Elizabeth Stewart’s Blue Gold shifts from North America and Fiona, to Africa and Sylvie, to Asia and Laiping. Although the subject matter is markedly different, questions of identity and complications uniquely rooted in these girls’ coming-of-age are prominent in all three narratives.
Laiping’s chronicle of life as a “factory girl” in Shenzeng, overtly addresses the question of being “good”, obedient and complicit, in a way which might be unfamiliar to many readers. But each of the girls struggles to meet expectations of authority figures in their lives, whether in a workplace, a home, or a refugee camp.
And although the penalties for behaving outside these guidelines are different for each girl, the constant threat and vulnerability is something that they share as each struggles to respond to situations in which they feel powerless.
Sylvie’s experiences after fleeing the Democratic Republic of the Congo, inhabiting a refugee camp, are most egregious. This is presented in vague terms initially.
“But nobody talked about what tragedies they had endured there. It was taken for granted that everyone in the camp had lost someone they loved—a child, a spouse, sometimes a whole family. Talking about it was too painful. It seemed to Sylvie that everyone here was waiting for pain to end and for life to begin again.”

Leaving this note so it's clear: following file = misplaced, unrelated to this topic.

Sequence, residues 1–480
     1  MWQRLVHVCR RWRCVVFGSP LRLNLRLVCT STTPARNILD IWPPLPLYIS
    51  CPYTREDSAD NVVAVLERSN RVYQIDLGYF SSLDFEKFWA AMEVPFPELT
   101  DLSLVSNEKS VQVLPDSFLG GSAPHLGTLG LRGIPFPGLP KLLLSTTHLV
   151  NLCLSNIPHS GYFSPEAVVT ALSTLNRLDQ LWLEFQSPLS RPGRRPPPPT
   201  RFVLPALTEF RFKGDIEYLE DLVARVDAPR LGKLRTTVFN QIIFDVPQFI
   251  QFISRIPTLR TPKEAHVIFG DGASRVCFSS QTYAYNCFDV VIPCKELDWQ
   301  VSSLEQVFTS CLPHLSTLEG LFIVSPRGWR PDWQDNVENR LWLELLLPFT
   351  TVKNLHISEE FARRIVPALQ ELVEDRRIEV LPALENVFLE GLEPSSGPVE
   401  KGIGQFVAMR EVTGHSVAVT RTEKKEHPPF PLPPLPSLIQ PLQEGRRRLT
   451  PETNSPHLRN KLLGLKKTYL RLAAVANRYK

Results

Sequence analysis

But Sylvie shares more of her story when an aid worker gains her trust and in time readers hear those details too. This is difficult to read about, but readers are shielded because neither Sylvie nor her listener dare to delve too deeply into the young girl’s memories at that time (and, indeed, there are aspects of Sylvie’s experience which are not disclosed until near the end of the novel).
Sylvie’s narrative is vitally important because it provides the anchor for the other girls’ stories. Her homeland is the region which is being mined for “the blue-black nuggets of columbite-tantalite ore that was plentiful in the high-lands surrounding their valley…blue gold”.
The coltan is shipped to factories like the one in which Laiping works and is a vital component in the cell phones which play a significant role in fuelling the cyber-bullying which Fiona faces.
The link between the narratives is evident within a few chapters of the novel, but the threads are not overtly tied until specific plot events unfold and, even then, the web is not tightly drawn.
This is appropriate because although the connections are undeniably true, these are not ties which are immediately evident. The back of the book lists additional resources for readers whose curiosity about human rights violations and environmental stewardship has been piqued.
Katherine, Fiona, Sylvie and Laiping embody stories that many readers of all ages will find compelling.
I had more to say about this novel, here, on BuriedInPrint.